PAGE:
Beyond Drifting: Imperfectly known animals - PhMuseum

Beyond Drifting: Imperfectly known animals

Mandy Barker

2015 - 2016

Ireland

Plankton form a diverse group of microscopic marine organisms living in the water column, not able to swim against the current; they exist in a drifting, floating, state. Unique ‘specimens’ relate to the pioneering discoveries made by marine biologist John Vaughn Thompson in Cork harbor, Ireland during the 1800’s.

Presented as microscopic samples, objects of marine plastic debris, recovered from the same location, mimic Thompson’s early plankton discoveries. The work represents contamination of plastic particles in the natural environment, creating the perception of past scientific discoveries when organisms were free from plastic. Presenting new ‘specimens’ created from recovered debris, serves as a metaphor to the ubiquity of plastic, encapsulating in miniature the larger problem of an imperfect world.

Movements of the recovered objects, recorded in camera over several seconds represent individual plankton in the water column. Captured on expired film with faulty cameras, highlights the ‘imperfection’ in both technique and subject matter. Nomenclature is the description given to devising new scientific names, of which each specimen has been given, imitating early latin origins each name contains the word ‘plastic’ hidden within its title.

Current scientific research has found that plankton ingest micro plastic particles, mistaking them for food, at the base of the food chain they are a crucial source of food for many larger creatures. The potential impact on marine life and ultimately man itself is of vital concern. In terms of plankton, and of action, we are ‘Beyond Drifting’, and must bring into focus these ‘Imperfectly Known Animals’.

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  • Ophelia medustica.
    Specimen collected from Glounthaune shoreline, Cove of Cork, Ireland
    (Pram wheel)

  • Copeopod langisticus.
    Specimen collected from Roche’s Point, Cove of Cork, Ireland
    (Six pack plastic yoke)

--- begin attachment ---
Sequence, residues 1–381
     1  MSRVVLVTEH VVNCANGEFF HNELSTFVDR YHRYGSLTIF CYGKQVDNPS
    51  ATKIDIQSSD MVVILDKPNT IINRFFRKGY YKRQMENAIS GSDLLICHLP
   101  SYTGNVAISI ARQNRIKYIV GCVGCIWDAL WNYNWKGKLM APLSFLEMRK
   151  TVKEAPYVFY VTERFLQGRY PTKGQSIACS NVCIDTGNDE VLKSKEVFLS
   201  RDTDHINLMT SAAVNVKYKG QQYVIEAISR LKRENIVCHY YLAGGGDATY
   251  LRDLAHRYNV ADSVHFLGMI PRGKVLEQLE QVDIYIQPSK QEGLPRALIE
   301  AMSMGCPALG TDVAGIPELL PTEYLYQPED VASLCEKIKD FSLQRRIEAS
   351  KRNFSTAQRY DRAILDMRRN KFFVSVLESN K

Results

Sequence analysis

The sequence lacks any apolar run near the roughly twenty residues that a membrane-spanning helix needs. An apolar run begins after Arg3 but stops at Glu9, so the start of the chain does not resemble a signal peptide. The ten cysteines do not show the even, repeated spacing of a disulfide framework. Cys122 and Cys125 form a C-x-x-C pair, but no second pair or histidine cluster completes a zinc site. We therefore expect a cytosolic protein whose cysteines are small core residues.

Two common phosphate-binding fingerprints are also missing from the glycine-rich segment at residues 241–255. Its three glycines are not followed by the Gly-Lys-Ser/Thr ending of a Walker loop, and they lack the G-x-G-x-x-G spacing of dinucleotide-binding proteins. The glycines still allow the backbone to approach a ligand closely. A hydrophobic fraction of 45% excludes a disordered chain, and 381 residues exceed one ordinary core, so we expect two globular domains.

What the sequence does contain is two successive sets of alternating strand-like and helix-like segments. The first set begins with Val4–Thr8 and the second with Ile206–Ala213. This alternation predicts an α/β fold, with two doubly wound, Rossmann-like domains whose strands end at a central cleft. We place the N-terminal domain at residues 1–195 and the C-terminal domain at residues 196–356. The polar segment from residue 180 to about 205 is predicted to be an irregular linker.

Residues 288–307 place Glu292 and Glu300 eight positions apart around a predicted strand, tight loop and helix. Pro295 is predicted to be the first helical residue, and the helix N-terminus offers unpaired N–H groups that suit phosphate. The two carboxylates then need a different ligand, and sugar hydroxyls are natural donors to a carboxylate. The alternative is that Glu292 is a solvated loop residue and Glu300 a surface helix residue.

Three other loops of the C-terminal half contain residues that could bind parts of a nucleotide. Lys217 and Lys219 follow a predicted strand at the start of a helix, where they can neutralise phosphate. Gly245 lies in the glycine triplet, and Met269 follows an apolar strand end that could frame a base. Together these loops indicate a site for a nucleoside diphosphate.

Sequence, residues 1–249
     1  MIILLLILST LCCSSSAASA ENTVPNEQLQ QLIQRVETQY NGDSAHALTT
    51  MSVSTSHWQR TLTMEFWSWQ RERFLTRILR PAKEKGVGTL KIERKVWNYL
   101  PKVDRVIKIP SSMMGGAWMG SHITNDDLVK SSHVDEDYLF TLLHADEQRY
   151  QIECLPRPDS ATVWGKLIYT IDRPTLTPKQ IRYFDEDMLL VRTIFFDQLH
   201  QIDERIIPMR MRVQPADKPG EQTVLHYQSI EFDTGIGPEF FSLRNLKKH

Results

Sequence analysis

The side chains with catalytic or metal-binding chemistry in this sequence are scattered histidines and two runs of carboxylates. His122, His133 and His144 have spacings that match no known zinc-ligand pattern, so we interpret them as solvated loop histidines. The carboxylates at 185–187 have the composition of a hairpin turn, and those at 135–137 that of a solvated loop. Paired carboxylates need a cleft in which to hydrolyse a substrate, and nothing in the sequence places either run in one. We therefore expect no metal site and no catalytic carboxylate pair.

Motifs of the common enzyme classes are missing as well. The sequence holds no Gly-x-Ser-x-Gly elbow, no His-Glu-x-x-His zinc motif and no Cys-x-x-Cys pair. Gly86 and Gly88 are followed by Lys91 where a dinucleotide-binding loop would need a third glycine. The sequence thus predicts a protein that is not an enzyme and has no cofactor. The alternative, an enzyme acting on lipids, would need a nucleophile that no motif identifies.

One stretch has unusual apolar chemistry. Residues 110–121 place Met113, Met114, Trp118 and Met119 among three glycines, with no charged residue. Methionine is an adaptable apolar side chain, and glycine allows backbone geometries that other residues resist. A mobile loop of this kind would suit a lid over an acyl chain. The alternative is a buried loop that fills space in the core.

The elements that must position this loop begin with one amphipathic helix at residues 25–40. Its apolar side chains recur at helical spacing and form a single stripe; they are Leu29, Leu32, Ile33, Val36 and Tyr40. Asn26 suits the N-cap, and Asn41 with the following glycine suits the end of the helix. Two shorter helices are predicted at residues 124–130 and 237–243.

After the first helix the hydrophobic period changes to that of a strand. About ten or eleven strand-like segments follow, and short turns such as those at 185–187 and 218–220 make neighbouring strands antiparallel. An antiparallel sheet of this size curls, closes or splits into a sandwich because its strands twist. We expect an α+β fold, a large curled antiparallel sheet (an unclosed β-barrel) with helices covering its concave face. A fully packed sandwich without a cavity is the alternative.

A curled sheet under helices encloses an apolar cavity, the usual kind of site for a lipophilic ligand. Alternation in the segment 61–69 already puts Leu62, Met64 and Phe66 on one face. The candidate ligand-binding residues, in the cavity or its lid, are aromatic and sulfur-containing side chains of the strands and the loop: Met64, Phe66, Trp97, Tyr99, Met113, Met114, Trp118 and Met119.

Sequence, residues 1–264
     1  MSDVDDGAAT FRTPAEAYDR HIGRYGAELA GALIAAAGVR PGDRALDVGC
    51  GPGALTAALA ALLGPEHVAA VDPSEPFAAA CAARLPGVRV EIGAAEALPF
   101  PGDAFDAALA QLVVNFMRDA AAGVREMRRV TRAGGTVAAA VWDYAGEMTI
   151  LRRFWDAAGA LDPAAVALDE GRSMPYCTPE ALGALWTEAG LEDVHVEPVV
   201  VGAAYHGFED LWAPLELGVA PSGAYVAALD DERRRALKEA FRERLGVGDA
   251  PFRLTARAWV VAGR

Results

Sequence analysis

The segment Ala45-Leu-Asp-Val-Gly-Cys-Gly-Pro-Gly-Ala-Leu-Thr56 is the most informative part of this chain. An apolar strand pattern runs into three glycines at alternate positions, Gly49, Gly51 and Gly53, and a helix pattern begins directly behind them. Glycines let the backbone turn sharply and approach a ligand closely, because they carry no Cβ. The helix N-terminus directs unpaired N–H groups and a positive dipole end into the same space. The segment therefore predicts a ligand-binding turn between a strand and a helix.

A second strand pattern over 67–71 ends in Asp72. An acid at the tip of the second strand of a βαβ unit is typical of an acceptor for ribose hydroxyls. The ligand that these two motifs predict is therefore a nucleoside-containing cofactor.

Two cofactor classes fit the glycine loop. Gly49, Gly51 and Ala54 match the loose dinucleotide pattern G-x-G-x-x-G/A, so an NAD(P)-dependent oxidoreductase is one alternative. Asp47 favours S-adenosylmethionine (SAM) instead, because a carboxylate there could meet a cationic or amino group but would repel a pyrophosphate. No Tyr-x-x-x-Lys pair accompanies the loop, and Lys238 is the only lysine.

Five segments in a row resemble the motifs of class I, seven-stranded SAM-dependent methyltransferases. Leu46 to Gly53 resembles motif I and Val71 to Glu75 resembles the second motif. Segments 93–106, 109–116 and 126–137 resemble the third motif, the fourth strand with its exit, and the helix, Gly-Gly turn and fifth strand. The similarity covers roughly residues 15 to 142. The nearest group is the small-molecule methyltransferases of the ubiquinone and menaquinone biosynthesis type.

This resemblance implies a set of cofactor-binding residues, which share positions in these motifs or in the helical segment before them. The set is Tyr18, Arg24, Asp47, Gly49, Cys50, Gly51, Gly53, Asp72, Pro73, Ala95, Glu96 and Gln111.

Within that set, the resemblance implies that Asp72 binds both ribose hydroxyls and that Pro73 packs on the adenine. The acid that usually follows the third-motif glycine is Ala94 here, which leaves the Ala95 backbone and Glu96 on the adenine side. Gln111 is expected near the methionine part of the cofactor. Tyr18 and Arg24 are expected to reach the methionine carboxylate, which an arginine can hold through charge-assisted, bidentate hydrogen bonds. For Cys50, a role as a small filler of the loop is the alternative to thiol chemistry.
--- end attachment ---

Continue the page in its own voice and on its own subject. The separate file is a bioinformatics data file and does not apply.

• Prolcessa edustilcui.
    Specimen collected from Spike Island, Cove of Cork, Ireland
    (Scooter wheel)

  • Pleurobrachia stileucae.
    Specimen collected from Carrigaloe estuary, Cove of Cork, Ireland
    (Plastic flower partially burnt)

  • Heplandista ica.
    Specimen collected from Carrigaloe estuary, Cove of Cork, Ireland
    (Electric plug and wire)

  • Plamacina retroversta ic. I.
    Specimen collected from Cobh shoreline, Cove of Cork, Ireland
    (White plastic horse)

  • Psammela iteusic.
    Specimen collected from Dunkettle interchange, Cove of Cork, Ireland
    (Industrial coil)

  • Plada steuicke.
    Specimen collected from Blackrock shoreline, Cove of Cork, Ireland
    (Plastic bottle base)

  • Fpuslaes maticaus.
    Specimen collected from Cobh beach, Cove of Cork, Ireland
    (Catholic necklace)

  • Nebulae plaurosbrathic.
    Specimen collected from Carrigaloe estuary, Cove of Cork, Ireland
    (Plastic flower partially burnt - group)

  • Aureplia auristice.
    Specimen collected from Blackrock shoreline, Cove of Cork, Ireland
    (Shoe sole)

  • Amphilima distinctae.
    Specimen collected from Cobh shoreline, Cove of Cork, Ireland
    (Coathanger)

  • Maprola stipicros.
    Specimen collected from Inch beach, Cove of Cork, Ireland
    (Plastic bottle parts)

  • Plasterinellic.
    Specimen collected from Dunkettle Interchange, Cove of Cork, Ireland
    (Action man figure, without head)

  • Phoronilasteri crae.
    Specimen collected from Whitepoint, Cobh shoreline, Cove of Cork, Ireland
    (Tricycle wheel)

  • Plamacina retroversta ic. III.
    Specimen collected from Cobh shoreline, Cove of Cork, Ireland
    (White plastic horse, 3)

  • Plividas chloticus.
    Specimen collected from Fota Island, Cove of Cork, Ireland
    (Barbie doll arm)

  • Rhizopolenia robustica.
    Specimen collected from Fota Island, Cove of Cork, Ireland
    (Book with plastic cover – ‘Ireland a Terrible Beauty’)

  • Laplusa forastuic.
    Specimen collected from Cobh shoreline, Cove of Cork, Ireland
    (Plastic bags)

  • Poletastae nipliuc.
    Specimen collected from Whitepoint, Cove of Cork, Ireland
    (Container base)


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